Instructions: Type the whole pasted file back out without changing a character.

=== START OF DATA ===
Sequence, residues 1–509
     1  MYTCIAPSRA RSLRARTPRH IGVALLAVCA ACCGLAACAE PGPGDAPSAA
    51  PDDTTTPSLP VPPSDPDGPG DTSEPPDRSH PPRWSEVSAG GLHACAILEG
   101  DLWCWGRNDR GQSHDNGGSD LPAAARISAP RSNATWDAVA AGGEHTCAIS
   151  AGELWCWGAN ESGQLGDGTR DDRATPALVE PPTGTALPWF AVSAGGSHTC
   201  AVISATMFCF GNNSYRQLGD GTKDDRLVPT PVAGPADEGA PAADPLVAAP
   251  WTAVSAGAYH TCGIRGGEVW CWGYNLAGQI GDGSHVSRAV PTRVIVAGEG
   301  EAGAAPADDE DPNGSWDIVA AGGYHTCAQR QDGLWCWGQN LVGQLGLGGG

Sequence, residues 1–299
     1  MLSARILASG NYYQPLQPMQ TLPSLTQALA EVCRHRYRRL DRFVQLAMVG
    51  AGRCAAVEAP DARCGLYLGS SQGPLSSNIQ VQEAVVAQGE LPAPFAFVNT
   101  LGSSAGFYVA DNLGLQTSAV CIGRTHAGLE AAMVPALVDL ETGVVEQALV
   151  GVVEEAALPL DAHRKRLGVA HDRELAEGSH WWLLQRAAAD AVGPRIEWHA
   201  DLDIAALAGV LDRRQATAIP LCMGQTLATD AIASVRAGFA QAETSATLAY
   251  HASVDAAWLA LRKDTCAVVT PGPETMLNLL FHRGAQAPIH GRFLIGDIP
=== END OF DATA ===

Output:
Sequence, residues 1–509
     1  MYTCIAPSRA RSLRARTPRH IGVALLAVCA ACCGLAACAE PGPGDAPSAA
    51  PDDTTTPSLP VPPSDPDGPG DTSEPPDRSH PPRWSEVSAG GLHACAILEG
   101  DLWCWGRNDR GQSHDNGGSD LPAAARISAP RSNATWDAVA AGGEHTCAIS
   151  AGELWCWGAN ESGQLGDGTR DDRATPALVE PPTGTALPWF AVSAGGSHTC
   201  AVISATMFCF GNNSYRQLGD GTKDDRLVPT PVAGPADEGA PAADPLVAAP
   251  WTAVSAGAYH TCGIRGGEVW CWGYNLAGQI GDGSHVSRAV PTRVIVAGEG
   301  EAGAAPADDE DPNGSWDIVA AGGYHTCAQR QDGLWCWGQN LVGQLGLGGG

Sequence, residues 1–299
     1  MLSARILASG NYYQPLQPMQ TLPSLTQALA EVCRHRYRRL DRFVQLAMVG
    51  AGRCAAVEAP DARCGLYLGS SQGPLSSNIQ VQEAVVAQGE LPAPFAFVNT
   101  LGSSAGFYVA DNLGLQTSAV CIGRTHAGLE AAMVPALVDL ETGVVEQALV
   151  GVVEEAALPL DAHRKRLGVA HDRELAEGSH WWLLQRAAAD AVGPRIEWHA
   201  DLDIAALAGV LDRRQATAIP LCMGQTLATD AIASVRAGFA QAETSATLAY
   251  HASVDAAWLA LRKDTCAVVT PGPETMLNLL FHRGAQAPIH GRFLIGDIP